Team of the Week: LSU (def. Auburn, 22-21)
There is power in being yourself. When Ed Orgeron was trying to get LSU to hire him full-time about 22 months ago, he promised to go out and land blue-chip coordinators for both sides of the ball.
On defense, that was easy: he just had to keep Dave Aranda in Baton Rouge.
But on offense, that became tricky. Once his friend Lane Kiffin landed the FAU head coaching job, he moved to the next name on the “Top Offensive Coordinators of 2016” list: Pitt’s Matt Canada, seemingly sight unseen. Orgeron became unimpressed with shifts and a lot of the things that made Canada’s offense Canada’s offense, and he began to meddle, one of his worst habits as Ole Miss’ head coach long ago.
After a frustrating loss to Troy, Canada and Orgeron seemed to reach a detente, and the Tigers won six of seven to finish the regular season. But this was not an arrangement Orgeron was comfortable with. So he let Canada go to Maryland and re-promoted Steve Ensminger, his coordinator back when everything was in “interim” stage.
Three games in, Ensminger’s offense is far from dynamic. LSU backs are averaging just 4.5 yards per carry, and new quarterback Joe Burrow has posted a completion rate of 46 percent and a passer rating of 117. Gross.
But when you’re acting like yourself, you are comfortable in your surroundings, and you have a feel for how you’re going to win.
For Orgeron’s LSU, that means playing greedy defense — the poetic license has been stretched to include the fact that LSU’s best defensive player is named Greedy Williams — and grinding, run-run-pass offense. It is old-school, and it is very, very LSU. (In fact, it’s so LSU that it makes you wonder why Les Miles isn’t still running the show.)
I don’t know if it’ll keep working — or at least, if it will work at a level higher than what Miles had established — but it worked on The Plains on Saturday.
Burrow was a paltry 15-for-34 against Auburn, but a Grant Delpit interception set up an early touchdown, and a Williams interception prevented Auburn from putting the game away late in the third quarter. Auburn failed to score on its last five drives, and after enduring a 5-for-18 stretch, Burrow completed five of nine fourth-quarter passes (including a gorgeous 71-yard bomb to Derrick Dillon) and, as importantly, drew two defensive pass interference penalties. They helped to set up a 42-yard Cole Tracy field goal and a 22-21 win.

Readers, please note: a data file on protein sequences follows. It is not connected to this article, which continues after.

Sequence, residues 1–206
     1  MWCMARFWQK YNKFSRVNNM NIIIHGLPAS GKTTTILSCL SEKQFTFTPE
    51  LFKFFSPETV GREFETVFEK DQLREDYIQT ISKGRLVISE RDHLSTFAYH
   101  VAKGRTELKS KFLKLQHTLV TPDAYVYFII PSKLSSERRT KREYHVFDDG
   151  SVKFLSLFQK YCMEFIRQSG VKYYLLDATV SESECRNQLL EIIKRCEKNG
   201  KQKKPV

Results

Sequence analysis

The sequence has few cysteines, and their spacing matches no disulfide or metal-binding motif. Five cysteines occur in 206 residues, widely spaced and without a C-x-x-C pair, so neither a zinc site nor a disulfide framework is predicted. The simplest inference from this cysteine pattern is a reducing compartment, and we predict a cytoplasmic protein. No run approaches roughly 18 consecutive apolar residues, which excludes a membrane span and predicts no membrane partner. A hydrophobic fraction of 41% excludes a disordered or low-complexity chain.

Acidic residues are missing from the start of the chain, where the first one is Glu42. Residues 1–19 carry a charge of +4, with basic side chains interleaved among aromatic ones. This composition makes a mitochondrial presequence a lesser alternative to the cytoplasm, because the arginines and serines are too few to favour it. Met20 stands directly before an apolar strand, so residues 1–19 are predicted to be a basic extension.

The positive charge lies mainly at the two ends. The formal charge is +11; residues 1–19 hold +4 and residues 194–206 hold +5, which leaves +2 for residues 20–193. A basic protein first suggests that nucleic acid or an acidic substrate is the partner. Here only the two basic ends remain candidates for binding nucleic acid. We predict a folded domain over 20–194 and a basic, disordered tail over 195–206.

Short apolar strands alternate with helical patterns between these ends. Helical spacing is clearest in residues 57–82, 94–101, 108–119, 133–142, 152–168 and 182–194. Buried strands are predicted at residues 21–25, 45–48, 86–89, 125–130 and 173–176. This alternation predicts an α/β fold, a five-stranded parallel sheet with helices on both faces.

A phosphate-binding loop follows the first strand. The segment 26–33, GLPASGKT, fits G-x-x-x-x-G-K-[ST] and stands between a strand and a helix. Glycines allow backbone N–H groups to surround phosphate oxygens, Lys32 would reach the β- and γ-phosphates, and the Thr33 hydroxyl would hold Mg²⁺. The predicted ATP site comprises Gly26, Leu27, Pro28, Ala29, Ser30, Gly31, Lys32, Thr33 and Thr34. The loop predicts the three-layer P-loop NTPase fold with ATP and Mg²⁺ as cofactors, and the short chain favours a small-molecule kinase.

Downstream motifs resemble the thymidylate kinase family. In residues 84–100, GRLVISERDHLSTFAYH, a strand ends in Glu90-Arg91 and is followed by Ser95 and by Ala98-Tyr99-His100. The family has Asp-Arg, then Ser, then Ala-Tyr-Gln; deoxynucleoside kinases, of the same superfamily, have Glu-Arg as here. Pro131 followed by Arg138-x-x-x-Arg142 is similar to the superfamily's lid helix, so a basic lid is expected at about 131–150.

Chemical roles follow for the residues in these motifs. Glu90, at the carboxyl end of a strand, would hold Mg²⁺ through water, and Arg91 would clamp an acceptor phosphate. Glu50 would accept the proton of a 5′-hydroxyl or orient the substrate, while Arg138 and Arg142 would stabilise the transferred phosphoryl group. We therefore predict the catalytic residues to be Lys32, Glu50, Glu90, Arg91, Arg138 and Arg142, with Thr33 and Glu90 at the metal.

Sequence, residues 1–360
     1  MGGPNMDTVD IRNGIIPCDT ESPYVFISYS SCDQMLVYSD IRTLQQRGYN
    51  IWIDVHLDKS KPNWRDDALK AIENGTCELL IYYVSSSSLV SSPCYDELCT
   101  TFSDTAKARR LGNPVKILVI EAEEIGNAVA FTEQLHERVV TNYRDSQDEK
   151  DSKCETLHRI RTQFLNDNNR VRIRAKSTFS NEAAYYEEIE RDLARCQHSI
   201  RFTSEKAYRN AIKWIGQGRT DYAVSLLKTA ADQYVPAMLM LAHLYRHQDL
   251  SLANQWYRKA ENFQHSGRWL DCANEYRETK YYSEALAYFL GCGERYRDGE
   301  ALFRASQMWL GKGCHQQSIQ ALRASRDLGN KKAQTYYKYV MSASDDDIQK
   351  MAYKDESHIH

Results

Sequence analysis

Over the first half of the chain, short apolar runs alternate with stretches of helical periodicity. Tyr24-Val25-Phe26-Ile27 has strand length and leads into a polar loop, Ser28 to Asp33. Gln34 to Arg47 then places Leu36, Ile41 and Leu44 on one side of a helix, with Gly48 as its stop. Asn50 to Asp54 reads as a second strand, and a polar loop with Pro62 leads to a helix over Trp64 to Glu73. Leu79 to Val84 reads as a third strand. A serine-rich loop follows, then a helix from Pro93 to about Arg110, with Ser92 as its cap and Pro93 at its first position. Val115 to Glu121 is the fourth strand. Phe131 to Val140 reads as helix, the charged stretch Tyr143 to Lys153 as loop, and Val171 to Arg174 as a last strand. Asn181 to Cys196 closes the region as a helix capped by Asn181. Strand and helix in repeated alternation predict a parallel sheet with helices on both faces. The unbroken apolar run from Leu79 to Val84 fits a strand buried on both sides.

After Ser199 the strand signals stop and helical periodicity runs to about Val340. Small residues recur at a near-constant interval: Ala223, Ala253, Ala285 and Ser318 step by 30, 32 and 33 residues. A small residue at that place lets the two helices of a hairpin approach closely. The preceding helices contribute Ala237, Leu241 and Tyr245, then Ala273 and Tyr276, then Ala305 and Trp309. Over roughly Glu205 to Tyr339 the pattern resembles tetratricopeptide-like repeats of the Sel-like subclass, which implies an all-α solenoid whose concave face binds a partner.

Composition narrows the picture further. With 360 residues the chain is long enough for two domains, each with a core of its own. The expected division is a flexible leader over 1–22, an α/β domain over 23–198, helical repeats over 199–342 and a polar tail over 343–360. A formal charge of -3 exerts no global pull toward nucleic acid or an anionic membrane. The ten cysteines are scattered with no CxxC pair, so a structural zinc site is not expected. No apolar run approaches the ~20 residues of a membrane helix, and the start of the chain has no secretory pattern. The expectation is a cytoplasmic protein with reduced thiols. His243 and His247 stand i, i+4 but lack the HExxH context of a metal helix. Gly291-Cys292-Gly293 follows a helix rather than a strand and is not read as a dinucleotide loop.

This offense isn’t pretty. It isn’t dynamic. Hell, it might not even be good. But three weeks in, LSU has left home twice to play as an underdog against a current top-10 team, and the Tigers are now 3-0. For now, that is more than enough.
2. BYU (def. Wisconsin, 24-21)
After LSU, BYU is Exhibit B. Third-year head coach Kalani Sitake, a career defensive coach, brought in BYU legend Ty Detmer as his first offensive coordinator.
We don’t completely know what Detmer’s intended philosophy was (BYU wasn’t good enough offensively to even establish one), but after fielding maybe the worst BYU offense in 50 years and losing nine games for the first time in more than 60, Sitake dumped Detmer and found an offensive coach who matches his personality.
And, strangely enough, Sitake went to Baton Rouge to find him.
Jeff Grimes, BYU’s offensive line coach from 2004-06, spent the last four seasons as LSU’s run game coordinator. He was tasked with making the Cougars more physical, an identity that matches the Sitake defense. And in Grimes’ third game, he helped to deliver a signature win.
BYU just went to Madison, the home of run-first football, and scored its first road win over a top-10 team in 34 years. Against No. 6 Wisconsin, the Cougars forced two turnovers on downs and two missed field goals in UW scoring opportunities.
BYU out-Wisconsin’d Wisconsin. Cougar backs, led by Squally Canada, rushed 21 times for 191 yards (UW star Jonathan Taylor had 26 carries for just 117 yards). Quarterback Tanner Mangum — who has had an incredible up-and-down journey over his four years — was asked to do as little as possible, and it worked. Every time Wisconsin looked like it was about to seize control, BYU responded.
There is downside to a “physical > dynamic” approach. BYU is now 2-0 on the road (the Cougars beat Arizona to start the season) but lost at home to Cal, scoring just 18 points and averaging 3.9 yards per play, in between. It isn’t great for putting away games you’re supposed to win, but it’s awesome for keeping games close as underdogs.
And it’s very much worked for LSU and BYU so far in 2018. All hail burly manball.
3. Kansas (def. Rutgers, 55-14)
A year ago, it looked like Kansas might actually have a solid defense. The offense was going to be a problem, but the Jayhawks looked power-conference-worthy on D. And then linebacker Joe Dineen got hurt, the line massively underachieved, and Kansas continued to look like Kansas.